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New Klamath Water Bill Has One Opponent in Hoopa Valley Tribe

The Klamath Water Recovery and Economic Restoration Act of 2014, introduced on May 21 has at least one tribe opposed to it in the Hoopa Valley Tribe.
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The Klamath Water Recovery and Economic Restoration Act of 2014, introduced on May 21 by senators Ron Wyden (D-Ore.), Jeff Merkley (D-Ore.), Dianne Feinstein (D-Calif.) and Barbara Boxer (D-Calif.) was created to replace long-running conflicts over scarce water resources in the Klamath River Basin, but there is at least one tribe not a fan of the bill.

“The Hoopa Valley Tribe is shocked and disappointed,” said Hoopa Valley Tribe Chairwoman Danielle Vigil-Masten, “that the so-called ‘Klamath Basin Water Recovery and Economic Restoration Act of 2014’ introduced by Senators: Feinstein, Boxer, Merkley, and Wyden would effectively terminate water and fishing rights of our tribe.”

According to a press release from Wyden’s office, the bill will put into law landmark agreements that were hammered out by Klamath Basin stakeholders, including the recent Upper Basin Agreement. Wyden’s release states the bill will build a cooperative water management plan that will protect fish and wildlife and provide more predictable water supplies for farmers and ranchers. One aspect of the bill, as Vigil-Masten addressed, will be the permanently protected and enhanced riparian areas, restoring hundreds of miles of fish habitat and getting additional water to the National Wildlife Refuges.

A Hoopa Valley Tribe press release says the bill will ratify three lengthy agreements (the Klamath Basin Restoration Act, Klamath Hydroelectric Settlement Agreement, and Upper Basin Comprehensive Agreement) negotiated between farmers, PacifiCorp, federal agencies, and three tribes, while calling for $900 million in federal appropriations and unnecessarily linking tribal water rights in the Klamath River to decommissioning of four obsolete hydroelectric dams owned by PacifiCorp.

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The bill has received support from the parties involved in the three agreements which include: American Rivers, California Trout, Institute for Fisheries Resources, Karuk Tribe, Klamath Water Users Association, The Nature Conservancy, Pacific Coast Federation of Fishermen’s Associations, PacifiCorp, Salmon River Restoration Council, Sustainable Northwest, Trout Unlimited, and Upper Klamath Water Users.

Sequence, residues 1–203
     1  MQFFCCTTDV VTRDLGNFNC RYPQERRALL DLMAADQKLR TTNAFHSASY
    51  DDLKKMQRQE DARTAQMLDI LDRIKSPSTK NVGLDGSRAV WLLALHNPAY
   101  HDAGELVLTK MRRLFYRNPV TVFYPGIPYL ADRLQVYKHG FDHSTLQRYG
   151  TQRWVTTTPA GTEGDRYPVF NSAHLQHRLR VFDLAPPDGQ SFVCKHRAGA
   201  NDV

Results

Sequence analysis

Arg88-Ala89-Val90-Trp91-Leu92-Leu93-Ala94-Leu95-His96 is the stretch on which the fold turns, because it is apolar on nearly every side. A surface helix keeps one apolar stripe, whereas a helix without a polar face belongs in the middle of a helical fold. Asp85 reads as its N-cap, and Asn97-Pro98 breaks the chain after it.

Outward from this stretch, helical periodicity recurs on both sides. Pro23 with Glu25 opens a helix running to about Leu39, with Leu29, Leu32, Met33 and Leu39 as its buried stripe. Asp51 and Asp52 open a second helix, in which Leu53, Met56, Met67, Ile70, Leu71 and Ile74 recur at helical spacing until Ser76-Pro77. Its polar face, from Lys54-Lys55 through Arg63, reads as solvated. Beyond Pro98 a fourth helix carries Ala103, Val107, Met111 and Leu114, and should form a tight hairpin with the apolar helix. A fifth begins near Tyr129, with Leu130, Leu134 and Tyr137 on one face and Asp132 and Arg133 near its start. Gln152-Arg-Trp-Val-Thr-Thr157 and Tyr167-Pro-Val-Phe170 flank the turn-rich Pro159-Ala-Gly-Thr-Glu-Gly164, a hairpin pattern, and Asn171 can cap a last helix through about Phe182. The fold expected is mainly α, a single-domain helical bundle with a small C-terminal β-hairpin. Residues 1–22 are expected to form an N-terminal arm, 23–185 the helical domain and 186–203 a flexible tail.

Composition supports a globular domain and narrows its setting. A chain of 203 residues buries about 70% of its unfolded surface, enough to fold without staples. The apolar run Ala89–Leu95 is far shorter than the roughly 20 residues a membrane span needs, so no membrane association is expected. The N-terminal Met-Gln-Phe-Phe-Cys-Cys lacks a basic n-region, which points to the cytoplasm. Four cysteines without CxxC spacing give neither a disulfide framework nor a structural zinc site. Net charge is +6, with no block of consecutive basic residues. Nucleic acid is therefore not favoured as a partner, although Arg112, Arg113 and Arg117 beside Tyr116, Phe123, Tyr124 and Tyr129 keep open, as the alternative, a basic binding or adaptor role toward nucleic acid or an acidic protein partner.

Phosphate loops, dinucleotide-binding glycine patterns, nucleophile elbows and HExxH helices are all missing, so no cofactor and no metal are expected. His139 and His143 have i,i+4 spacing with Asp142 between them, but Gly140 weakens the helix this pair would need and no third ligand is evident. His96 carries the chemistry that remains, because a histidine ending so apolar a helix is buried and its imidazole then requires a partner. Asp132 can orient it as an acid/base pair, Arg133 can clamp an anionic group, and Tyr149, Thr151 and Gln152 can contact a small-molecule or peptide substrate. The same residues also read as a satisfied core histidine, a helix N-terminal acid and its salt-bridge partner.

Following the bill’s announcement, the 12 groups in support of Senator Wyden’s leadership and the brighter economic and environmental future released a statement: “We thank Senator Ron Wyden for working tirelessly to help us find a lasting solution to our water sharing challenges in the Klamath Basin. We are hopeful that this legislation will finally bring an end to more than a century of challenging times in our community. People came together from all corners of the basin to hammer out these agreements, and the give and take has not always been easy. We are grateful to Senator Wyden, Senator Merkley, Senator Feinstein and Senator Boxer for sponsoring this important legislation. Similarly, Governor Kitzhaber and other leaders who have supported our local process have given all basin residents a reason to hope for a brighter future here for our children, our grandchildren, and the fish and wildlife that rely on this region’s natural resources for survival.”

The bill and restoration efforts look to create more than 4,000 jobs to be created or preserved including those in farming, ranching, commercial and recreational fishing, and construction in and near the basin according to Wyden’s release.

Despite the positives involved with the bill, tribes like the Hoopa are directly affected as well, as Masten has pointed out. She said the bill directs the Secretary to cut off senior water rights of the tribe to Klamath River water and fish in California in favor of water diversions for irrigation in Oregon. “Fish need water. The little water we get under this bill will jeopardize on going fishery restoration in the Klamath and Trinity Rivers,” said Chairwoman Masten.

For over 20 years, the Hoopa Valley Tribe has worked to restore salmon of the Trinity River, the Klamath’s largest tributary, and in 1992 obtained legislation mandating that the fishery restoration work be completed. That restoration work is jeopardized by the Klamath Agreements and the proposed legislation, Fisheries Department Director, Michael Orcutt, pointed out. “We are optimistic that Congress will not approve these agreements at the expense of our treaty rights,” said Michael Orcutt.